Atmospheric Pressure
The force exerted against an object by the weight of the air above it to the top of the Earth’s atmosphere.
Cycles per second
The number of occurrences of a repeating event per unit of time (measured in hertz)
The distance travelled to complete one cycle of a wavelength
The magnitude of change in the oscillation of a sound wave (how high and low the wave goes.) This translated to how loud we hear the sound.
The comparison of where in a wave cycle two sine waves of the same frequence are at the same point in time. It is measured in 360 degrees.
Specular Reflection
Mirror like reflection. The angle that the sound wave first strikes the surface is the same angle with which it reflects back.
The breaking up of sound by reflection back in many directions
The ability of sound to move around physical barriers and through small opening in barriers with little to no effect on the wave energy
The lowest frequency in a complex tone
Any sine waves that make up a complex tone
Partials that are whole integer multiples of the fundamental
Acoustic Envelope
The amplitude change over time of a complex sound. Broken down into 3 parts– attack, internal dynamics, decay
Any device that converts one form of energy to another
A ratio measured against a constant reference point– in sound, the reference could be voltage, SPL, of full-scale digital clipping for example.
Sound Pressure Level. The pressure of sound vibration measured at a specific distance.
Threshold of Hearing
The quietest sound a human could hear
Threshold of Pain
The point at which sound pressure causes pain in the human hearing mechanism
Reverberation TIme (RT)
The time it takes for the reverberation to decrease by 60 dB from its original level
Transmission Loss (TL)
THe reduction of SPL of a sound source as it passes through a physical barrier.
Electrical Insulators
Materials that can’t conduct electricity very well
Electrical Conductors
Materials that conduct electricity very well
The difference in charge (electrons) between two points. The greater the difference, the more the charge wants to move (more potential energy).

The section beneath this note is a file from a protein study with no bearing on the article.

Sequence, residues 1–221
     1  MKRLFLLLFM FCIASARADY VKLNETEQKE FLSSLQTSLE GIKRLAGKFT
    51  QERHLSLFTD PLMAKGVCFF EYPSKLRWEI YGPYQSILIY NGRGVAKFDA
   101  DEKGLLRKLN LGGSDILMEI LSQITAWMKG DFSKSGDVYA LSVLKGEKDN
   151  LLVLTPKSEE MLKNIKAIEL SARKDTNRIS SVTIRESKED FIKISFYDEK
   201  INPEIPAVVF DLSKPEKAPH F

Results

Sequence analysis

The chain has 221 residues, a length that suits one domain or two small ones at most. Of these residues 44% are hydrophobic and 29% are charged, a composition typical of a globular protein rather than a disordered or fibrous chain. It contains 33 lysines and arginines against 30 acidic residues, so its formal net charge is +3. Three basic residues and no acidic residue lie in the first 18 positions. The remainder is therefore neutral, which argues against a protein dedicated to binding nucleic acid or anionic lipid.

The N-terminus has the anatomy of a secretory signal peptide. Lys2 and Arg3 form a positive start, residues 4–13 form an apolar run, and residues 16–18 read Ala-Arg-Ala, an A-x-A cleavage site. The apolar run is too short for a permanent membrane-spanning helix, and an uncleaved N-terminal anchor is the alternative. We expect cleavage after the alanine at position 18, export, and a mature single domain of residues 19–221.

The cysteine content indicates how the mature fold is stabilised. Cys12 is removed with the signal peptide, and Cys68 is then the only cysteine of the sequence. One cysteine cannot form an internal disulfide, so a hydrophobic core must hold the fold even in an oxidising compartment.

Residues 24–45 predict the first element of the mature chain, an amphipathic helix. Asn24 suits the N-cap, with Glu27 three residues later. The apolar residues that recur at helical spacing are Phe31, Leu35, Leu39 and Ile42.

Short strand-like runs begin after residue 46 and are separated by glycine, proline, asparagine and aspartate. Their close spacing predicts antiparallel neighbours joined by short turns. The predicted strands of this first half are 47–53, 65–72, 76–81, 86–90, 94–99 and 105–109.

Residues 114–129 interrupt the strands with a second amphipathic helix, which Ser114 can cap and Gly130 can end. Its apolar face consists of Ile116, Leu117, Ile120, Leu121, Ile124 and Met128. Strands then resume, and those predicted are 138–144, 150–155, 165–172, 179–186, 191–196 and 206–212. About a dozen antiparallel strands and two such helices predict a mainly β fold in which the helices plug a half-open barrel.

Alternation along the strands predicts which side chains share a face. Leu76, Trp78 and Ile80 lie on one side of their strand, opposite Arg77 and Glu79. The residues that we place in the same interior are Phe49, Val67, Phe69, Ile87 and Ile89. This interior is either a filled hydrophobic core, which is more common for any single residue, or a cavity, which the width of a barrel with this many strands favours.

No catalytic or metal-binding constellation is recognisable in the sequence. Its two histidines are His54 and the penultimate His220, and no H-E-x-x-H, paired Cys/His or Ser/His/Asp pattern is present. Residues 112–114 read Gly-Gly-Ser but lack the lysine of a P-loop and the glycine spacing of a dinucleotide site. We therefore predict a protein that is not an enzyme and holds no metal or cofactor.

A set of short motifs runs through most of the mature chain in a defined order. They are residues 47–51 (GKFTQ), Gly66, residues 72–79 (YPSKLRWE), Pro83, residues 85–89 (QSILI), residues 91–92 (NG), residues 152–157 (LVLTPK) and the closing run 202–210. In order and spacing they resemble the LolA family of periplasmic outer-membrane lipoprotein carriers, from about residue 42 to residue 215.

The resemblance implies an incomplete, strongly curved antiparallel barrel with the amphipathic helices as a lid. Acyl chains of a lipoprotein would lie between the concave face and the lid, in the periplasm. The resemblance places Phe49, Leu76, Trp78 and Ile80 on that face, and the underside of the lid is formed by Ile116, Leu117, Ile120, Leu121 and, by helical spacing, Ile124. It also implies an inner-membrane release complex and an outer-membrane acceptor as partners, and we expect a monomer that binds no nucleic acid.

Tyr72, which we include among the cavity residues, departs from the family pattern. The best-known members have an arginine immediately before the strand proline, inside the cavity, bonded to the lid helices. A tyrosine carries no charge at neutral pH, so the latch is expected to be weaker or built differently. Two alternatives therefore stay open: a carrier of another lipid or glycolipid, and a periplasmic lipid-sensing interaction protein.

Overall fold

How well charged particles (electrons) can move through a given material.
A measurement of total opposition to the flow of current in a circuit
Electromagnetic Induction
A changing magnetic field will induce a current in a circuit.
Electromagnetic Interference
EMI- electromagnetic induction that occurs accidentally or creates a current that we don’t want (or corrupts the signal that we do want)
Dynamic Range
The difference between the noise floor and the maximum volume before the distortion of the signal is considered too much. The total potential useable range.
Signal-to-Noise (SNR)-
This is an active measurement of how much difference there is between a signal as it is moving through an amp and the noise floor. The actual range as it is happening.
Any device that changes (usually increases) the amplitude of a signal. An amplifier circuit is usually created using one of the 3 following components: tubes, transistors, op-amps
Composed of two piece and is the language used to represent digital data of any kind.
Fourier Transform
Every complex sound is made up of a bunch of sine waves (single frequencies). ANY complex sound can be broken down into these individual frequencies and then reconstructed.
Nyquist-Shannon Sampling Theorem
If you know the highest frequency present in a complex sound, as long as you have any two evenly spaced samples charted along that wave, you can reconstruct the complex wave perfectly.
The process of mapping a large set of input values to a smaller set. In digital audio, this is the technique used to represent dynamic range.
Sampling rate
How many ‘snapshots’ are taken of an analog signal over time. Ex: (44.1khz (CD), 48.kHz (DVD and vid)…)
Bit Depth
a Measurement of dynamic range in digital audio where one bit equals roughly 6db increments. Ex: 16bit (CD), 24bit (DVD Blu Ray), 32bit (used for extra headroom when changing volume digitally)